How to Save Family Farms for the Future: COCA Shows the Way
CSA? Community Supported Agriculture? What does it mean exactly? I have a much clearer idea after attending Wales’s first ‘Community Supported Agriculture Gathering’ in St Davids, Pembrokeshire, and the most important message for me was the importance of having an experienced farmer at the heart of a CSA project.
In the case of St Davids, they are the Miles family, notably farmer Gerald and his wife Ann, and their son Caz, at Caerhys just half a mile from the North Pembrokeshire coast at Berea.
In the upside-down world we live in, where people who kick balls into nets and tap balls into holes in the ground can receive annual incomes with five or six noughts after the £ sign, family farm businesses are near the bottom of the scale and are fortunate if they make a living from their land. But while we can live without golf or soccer tournaments, without food we can’t do anything. The Miles family farm is 160 acres and used to produce milk, but falling milk prices led to the sale of the dairy herd in 2003. The farm had become organic in 1998, and the Mileses diversified into a Welsh Black beef suckler herd, Oxford Sandy and Black pigs, horse and pony liveries, and bed and breakfast.
Despite these ventures, the farm income was not sufficient to support Caz, although for Gerald and Ann their aim is to pass the farm from one generation to the next. This continuity strengthens rural communities and helps to maintain the social fabric.
And then along came COCA, Caerhys Organic Community Agriculture. COCA dates from March 2010, when a small group of local people came up with a plan to bring more business to the farm and at the same time to supply local households with fresh vegetables.
The first crops were planted in June 2010, on two acres in a gently sloping field facing the ocean. By 2012, 40 households were receiving vegetables weekly. The target is for 70 member households by the end of 2012. This number, says COCA, should be enough for financial sustainability, including a regular wage for Caz.
The core group of 12, including Gerald and Caz, could not have made as much progress without grants from several organisations, more than £12,000 between June 2010 and March 2012, as follows:
- £1,000 to launch the project, from St Davids Eco City, June 2010.
- £500 for seeds, from Co-operative Bank, October 2010.
- £2,100 for a polytunnel, Pembrokeshire Association of Voluntary Services, February 2011.
- £2,500 to pay a membership recruitment officer, one day a week for six months, from TYF Adventure’s 1% Fund, March 2011.
- £995 for a muck spreader and roller, Co-operative Bank, April 2011.
- £1,000 for wages for a professional grower, St Davids Eco City, May 2011.
- £500 for a caravan to accommodate a volunteer worker, St Davids Eco City, December 2011.
- £3,424 for tools, Pembrokeshire Association of Voluntary Services, March 2012.
In addition, Pembrokeshire Local Action Network for Enterprise and Development (PLANED), Organic Centre Wales, the Pembrokeshire Coast National Park Authority, and the Federation of City Farms and Community Gardens have all backed COCA with help and advice. The scheme members have dug into their own pockets, and work as volunteers, in addition to paying an annual subscription, £24 for 2012, and £40 a month by standing order for a full share of vegetables, for a family, or £20 for a half share, suitable for one or two people. A family buying a full share would spend £504 for the year, which works out at £9.69 a week.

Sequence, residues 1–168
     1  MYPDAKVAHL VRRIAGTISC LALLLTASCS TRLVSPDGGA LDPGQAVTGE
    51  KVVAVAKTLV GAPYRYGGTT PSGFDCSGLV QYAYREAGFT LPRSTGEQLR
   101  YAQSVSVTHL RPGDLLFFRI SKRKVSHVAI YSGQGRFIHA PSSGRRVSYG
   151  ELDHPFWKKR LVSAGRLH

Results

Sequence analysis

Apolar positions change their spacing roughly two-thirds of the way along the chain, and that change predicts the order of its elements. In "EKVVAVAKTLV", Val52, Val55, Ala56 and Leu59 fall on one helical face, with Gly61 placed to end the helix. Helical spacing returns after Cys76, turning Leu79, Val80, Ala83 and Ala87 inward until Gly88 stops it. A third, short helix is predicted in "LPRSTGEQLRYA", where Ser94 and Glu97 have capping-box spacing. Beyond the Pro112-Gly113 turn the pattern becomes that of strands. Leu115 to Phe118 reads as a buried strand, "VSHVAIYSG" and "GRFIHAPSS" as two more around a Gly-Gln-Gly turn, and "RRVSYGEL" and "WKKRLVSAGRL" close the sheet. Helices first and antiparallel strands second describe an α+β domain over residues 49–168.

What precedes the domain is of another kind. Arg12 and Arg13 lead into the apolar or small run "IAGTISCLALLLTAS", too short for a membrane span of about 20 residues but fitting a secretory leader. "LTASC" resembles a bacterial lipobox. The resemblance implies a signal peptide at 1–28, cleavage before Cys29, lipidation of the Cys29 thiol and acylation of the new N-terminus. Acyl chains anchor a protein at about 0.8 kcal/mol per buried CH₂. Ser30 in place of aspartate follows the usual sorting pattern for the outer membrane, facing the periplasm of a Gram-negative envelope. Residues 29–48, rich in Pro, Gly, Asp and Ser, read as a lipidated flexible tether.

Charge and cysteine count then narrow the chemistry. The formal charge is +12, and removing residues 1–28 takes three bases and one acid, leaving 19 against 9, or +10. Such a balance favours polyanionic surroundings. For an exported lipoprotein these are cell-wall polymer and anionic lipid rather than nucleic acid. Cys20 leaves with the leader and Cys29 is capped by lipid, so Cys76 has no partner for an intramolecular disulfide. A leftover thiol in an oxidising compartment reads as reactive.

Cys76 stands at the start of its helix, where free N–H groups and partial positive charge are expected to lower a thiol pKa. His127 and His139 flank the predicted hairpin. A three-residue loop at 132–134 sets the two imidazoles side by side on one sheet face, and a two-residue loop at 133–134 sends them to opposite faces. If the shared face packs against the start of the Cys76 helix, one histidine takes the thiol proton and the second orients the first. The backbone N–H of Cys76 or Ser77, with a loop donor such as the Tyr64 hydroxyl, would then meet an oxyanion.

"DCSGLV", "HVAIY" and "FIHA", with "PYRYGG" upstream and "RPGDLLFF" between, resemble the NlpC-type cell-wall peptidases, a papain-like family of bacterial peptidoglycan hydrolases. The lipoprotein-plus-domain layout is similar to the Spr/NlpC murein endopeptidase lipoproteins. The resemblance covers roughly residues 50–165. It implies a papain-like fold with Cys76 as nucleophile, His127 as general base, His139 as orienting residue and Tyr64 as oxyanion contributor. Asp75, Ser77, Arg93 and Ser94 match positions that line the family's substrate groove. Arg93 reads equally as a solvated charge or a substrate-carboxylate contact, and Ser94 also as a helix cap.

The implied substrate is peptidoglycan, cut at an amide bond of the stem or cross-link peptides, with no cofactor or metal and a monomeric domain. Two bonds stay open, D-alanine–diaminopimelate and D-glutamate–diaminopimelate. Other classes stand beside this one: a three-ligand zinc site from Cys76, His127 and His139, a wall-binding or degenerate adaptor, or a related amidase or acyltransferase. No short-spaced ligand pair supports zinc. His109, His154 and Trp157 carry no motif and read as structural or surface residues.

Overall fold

The quantities, as well as the range, vary according to weather and season. The cold wet ‘summer’ of 2012 has delayed plant growth and made harvesting difficult.
This was a full share for the week starting May 4th, before the Jet Stream shifted south and abolished summer.
- 2kg potatoes
- 2 onions
- 560g carrots
- 170g radishes
- 2 leeks
- 40g stir-fry mustard greens
- 110g purple sprouting broccoli
- Bag of lettuce
- Bag of rocket
The heavy toll from the dreadful weather is clear from the much smaller share on July 6th:
- 1kg potatoes
- 600g carrots (bought in)
- 150g carrots (home grown)
- 500g onions (bought in)
By paying the same amount every month, members are providing COCA with a stable income, which is essential to meet the continuing costs of production.
Organic produce is more ‘expensive’ than produce grown with synthetic fertilisers and other agrochemicals including pesticides, because the chemical products are artificially cheap — they do not factor in the cost of using irreplaceable fossil fuels, or of poisoning the environment. The synthetics replace human skill (in using crop rotations to build soil fertility, for example) and effort (hours of weeding!).
COCA still faces challenges – to gather a minimum of another 30 members, to engage new members in volunteering on the farm, to raise funds for two more polytunnels, and to maintain enthusiasm over the long term — but in the less than two-and-a-half years since the idea was floated, a huge amount has been achieved. I don’t think the COCA model can be copied exactly, because every location and every community are different, but reckon COCA shows the value of the community working with one or more family farms, and not in competition against them. The farmers bring machinery, buildings, years of experience and detailed knowledge of the land. The community can create a stronger local market, resulting in an income stream that can protect the farm business.
It was quite a coincidence, but in The Archers today, on Radio 4, farmer David Archer ended the episode saying “I remember dad saying to me once…. ‘It’s family farms that make a nation strong’…. It’s worth fighting for, isn’t it?”
Patricia Dodd Racher, July 16th 2012